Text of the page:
Difference Between Similar Terms and Objects

Difference Between Harvest and Yield

HARVEST vs YIELD

What is the difference between the words ‘harvest’ and ‘yield’? Both words are similar in meaning and usage when relating to crops and farming, and both can be used as a noun or a verb. The difference in the two words is important to note when deciding which word to use in a sentence.

The word ‘harvest’ is used as a noun to mean a particular time or season when crops are gathered from a field. For example, one could say “It is the harvest time for pumpkins in the fall”. ‘Harvest’ also means the particular amount of crops that are gathered, as in the harvest of pumpkins this year was plentiful. ‘Harvest’ can also be used as a verb. It means the action of gathering the crop. “We need to harvest the pumpkins now because they are ripe”, is a good example.

‘Yield’ when compared with ‘harvest’ has a more general sense about it. It too can be used as a noun to mean the amount of crops produced, although it is worth noting that ‘harvest’ means not just the amount or product produced by a farm, but more specifically what was gathered in. A farmer could say, “My pumpkin farm yields over 1000 pounds of pumpkins every year, but we can only harvest about 800 pounds of them.” ‘Yield’ goes beyond farming, as well to mean any type of profit, especially financial. For example it is common to say “The yield on this investment is currently 3%”.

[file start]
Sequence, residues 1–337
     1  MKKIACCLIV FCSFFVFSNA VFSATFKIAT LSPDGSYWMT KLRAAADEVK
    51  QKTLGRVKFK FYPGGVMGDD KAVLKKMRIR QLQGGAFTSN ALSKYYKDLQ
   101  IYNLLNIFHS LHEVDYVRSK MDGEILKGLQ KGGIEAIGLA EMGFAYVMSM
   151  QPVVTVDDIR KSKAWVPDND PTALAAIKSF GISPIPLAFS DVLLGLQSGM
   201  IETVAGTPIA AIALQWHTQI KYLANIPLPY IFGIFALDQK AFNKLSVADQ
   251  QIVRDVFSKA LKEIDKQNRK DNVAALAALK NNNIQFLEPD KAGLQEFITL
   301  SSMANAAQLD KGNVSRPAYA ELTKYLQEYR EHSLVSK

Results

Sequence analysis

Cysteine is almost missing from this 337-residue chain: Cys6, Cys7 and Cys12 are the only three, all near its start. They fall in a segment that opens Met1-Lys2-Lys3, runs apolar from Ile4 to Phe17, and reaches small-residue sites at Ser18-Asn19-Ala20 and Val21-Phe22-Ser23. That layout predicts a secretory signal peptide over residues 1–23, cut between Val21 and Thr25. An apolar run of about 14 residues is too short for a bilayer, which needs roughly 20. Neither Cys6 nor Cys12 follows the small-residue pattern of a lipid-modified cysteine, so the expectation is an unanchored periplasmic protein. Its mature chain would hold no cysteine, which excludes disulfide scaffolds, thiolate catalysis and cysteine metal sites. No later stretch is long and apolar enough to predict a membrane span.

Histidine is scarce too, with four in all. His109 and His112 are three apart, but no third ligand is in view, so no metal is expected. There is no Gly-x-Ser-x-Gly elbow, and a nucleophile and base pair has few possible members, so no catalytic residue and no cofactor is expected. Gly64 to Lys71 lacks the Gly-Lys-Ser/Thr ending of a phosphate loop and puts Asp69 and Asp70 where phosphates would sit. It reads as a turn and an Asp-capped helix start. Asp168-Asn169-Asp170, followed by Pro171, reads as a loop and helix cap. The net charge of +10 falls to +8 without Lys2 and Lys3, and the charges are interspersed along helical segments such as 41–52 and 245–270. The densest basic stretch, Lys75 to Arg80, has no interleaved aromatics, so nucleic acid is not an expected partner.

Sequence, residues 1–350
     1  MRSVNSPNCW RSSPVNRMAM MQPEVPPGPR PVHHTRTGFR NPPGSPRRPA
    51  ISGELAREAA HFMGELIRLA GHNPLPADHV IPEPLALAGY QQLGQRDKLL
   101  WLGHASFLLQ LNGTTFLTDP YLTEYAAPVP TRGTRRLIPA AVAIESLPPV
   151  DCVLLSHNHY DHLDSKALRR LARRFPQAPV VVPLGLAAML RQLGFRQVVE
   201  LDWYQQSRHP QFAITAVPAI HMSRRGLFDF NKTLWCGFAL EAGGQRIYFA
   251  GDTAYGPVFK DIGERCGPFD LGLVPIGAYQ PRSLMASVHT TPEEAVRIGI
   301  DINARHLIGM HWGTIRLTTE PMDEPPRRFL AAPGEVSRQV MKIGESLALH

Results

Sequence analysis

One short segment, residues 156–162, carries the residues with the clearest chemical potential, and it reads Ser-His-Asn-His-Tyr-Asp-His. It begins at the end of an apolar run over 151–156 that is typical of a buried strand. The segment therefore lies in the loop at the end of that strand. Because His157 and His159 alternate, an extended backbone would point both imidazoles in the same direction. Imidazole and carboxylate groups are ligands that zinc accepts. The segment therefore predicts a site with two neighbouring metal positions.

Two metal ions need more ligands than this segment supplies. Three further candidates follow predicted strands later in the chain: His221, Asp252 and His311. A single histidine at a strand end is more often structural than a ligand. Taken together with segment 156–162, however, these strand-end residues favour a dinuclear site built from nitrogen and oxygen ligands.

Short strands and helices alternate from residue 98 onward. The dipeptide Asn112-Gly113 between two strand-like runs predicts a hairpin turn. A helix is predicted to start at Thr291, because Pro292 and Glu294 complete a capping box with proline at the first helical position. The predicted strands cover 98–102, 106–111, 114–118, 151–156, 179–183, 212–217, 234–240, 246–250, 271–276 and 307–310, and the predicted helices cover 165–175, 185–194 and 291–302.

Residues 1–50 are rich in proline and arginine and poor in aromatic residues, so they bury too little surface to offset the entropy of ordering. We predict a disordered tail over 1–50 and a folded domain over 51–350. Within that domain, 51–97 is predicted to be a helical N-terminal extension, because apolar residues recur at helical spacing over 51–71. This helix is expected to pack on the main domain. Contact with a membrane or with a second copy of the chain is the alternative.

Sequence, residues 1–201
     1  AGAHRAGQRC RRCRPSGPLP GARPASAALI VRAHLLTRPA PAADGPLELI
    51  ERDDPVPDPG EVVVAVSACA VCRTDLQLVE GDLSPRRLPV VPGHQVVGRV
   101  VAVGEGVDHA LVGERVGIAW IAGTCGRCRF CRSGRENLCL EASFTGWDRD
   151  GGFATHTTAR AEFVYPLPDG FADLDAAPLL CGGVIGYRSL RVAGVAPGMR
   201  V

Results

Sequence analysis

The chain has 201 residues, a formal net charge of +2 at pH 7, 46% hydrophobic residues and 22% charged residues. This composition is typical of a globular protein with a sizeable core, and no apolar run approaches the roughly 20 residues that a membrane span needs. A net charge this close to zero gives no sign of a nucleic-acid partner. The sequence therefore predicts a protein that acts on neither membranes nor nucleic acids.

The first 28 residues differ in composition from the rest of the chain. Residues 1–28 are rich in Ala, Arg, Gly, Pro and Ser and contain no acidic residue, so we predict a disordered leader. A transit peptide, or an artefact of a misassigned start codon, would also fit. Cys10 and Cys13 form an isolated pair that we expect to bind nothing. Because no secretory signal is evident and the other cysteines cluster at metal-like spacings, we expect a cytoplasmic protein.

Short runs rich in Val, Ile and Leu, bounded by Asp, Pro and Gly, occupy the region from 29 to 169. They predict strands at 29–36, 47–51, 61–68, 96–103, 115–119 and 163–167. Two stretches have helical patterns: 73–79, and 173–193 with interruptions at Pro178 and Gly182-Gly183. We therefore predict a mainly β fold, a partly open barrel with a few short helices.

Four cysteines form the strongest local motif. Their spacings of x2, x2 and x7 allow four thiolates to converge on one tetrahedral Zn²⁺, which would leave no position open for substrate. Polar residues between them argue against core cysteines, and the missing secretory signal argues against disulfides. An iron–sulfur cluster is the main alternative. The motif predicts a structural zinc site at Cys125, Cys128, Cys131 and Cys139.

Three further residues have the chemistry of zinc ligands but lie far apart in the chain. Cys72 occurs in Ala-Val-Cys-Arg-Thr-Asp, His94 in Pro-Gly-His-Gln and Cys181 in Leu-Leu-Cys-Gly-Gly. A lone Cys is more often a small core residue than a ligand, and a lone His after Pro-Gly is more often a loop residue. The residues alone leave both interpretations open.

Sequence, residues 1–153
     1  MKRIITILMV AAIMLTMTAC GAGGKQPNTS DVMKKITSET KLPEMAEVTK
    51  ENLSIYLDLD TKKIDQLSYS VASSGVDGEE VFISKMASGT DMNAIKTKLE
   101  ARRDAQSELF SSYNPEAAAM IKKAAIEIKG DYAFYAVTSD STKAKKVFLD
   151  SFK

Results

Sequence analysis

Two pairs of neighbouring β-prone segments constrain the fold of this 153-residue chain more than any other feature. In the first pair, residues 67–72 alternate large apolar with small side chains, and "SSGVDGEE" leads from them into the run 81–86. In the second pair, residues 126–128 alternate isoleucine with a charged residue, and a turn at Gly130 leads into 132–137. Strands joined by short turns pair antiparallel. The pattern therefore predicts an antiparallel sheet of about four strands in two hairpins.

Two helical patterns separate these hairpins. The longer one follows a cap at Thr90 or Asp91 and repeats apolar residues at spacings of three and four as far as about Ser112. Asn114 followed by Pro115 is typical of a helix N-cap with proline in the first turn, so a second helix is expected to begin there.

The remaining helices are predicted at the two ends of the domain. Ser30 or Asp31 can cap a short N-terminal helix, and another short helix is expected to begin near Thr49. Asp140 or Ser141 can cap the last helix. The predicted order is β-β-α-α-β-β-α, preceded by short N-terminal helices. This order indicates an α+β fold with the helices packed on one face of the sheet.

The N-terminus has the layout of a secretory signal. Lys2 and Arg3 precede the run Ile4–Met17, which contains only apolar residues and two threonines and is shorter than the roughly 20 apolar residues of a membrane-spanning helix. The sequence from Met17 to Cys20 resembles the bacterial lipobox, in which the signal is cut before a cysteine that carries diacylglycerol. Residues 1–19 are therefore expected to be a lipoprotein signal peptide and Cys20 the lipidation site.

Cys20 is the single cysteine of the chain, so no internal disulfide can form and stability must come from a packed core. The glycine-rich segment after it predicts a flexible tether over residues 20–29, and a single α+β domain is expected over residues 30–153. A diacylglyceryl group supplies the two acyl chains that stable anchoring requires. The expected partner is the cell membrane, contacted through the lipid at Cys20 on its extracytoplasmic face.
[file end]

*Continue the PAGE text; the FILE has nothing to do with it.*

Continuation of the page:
When ‘yield’ is used as a verb, it has a more diverse usage. It can mean to produce something, such as a crop on a farm, as in: The field yielded a large pumpkin harvest. In this example, it is used with the word ‘harvest’ being used as a noun, with ‘yield’ as a verb relating to farming and crop production. Once again though, ‘yield’ is not limited to production in farming, like ‘harvest’ is. It could be said “Their efforts yielded results in the scientific study.” or “The financial yield was great from the investment”. ‘Yield’ can be used to mean the action of production in general.

‘Yield’ can also be used as a verb and have an entirely different meaning. ‘To yield’ conveys the meaning of agreeing to something or no longer resisting or opposing something. An example is: The other side finally yielded and we reached an agreement. Along the same lines, it can mean to give up control and allow someone else to take control of something as in the sense of surrendering or giving up. For example a person might say, “I refuse to yield and let you take over”. Related to this meaning is when allowing another car or person to go ahead of you while driving. There are traffic laws that tell drivers when they must yield, or let others go first in an intersection. This is related to the meaning of allowing someone else control, but is a separate usage relating specifically to driving and traffic laws. ‘Yield’ can go even further to mean to give in or break altogether in a physical sense, such as: The leash yielded when the dog pulled away. It is worth noting too, that in a formal sense there is a usage of this definition of ‘yield’ that means to let someone else speak during a public speaking session, as in a politician may say “I am now going to yield to the Mayor” when it is the Mayor’s turn to speak.

So it can be seen that ‘harvest’ and ‘yield’ do have some similarities when used in connection with farming, ‘yield’ has a much broader and diverse usage .


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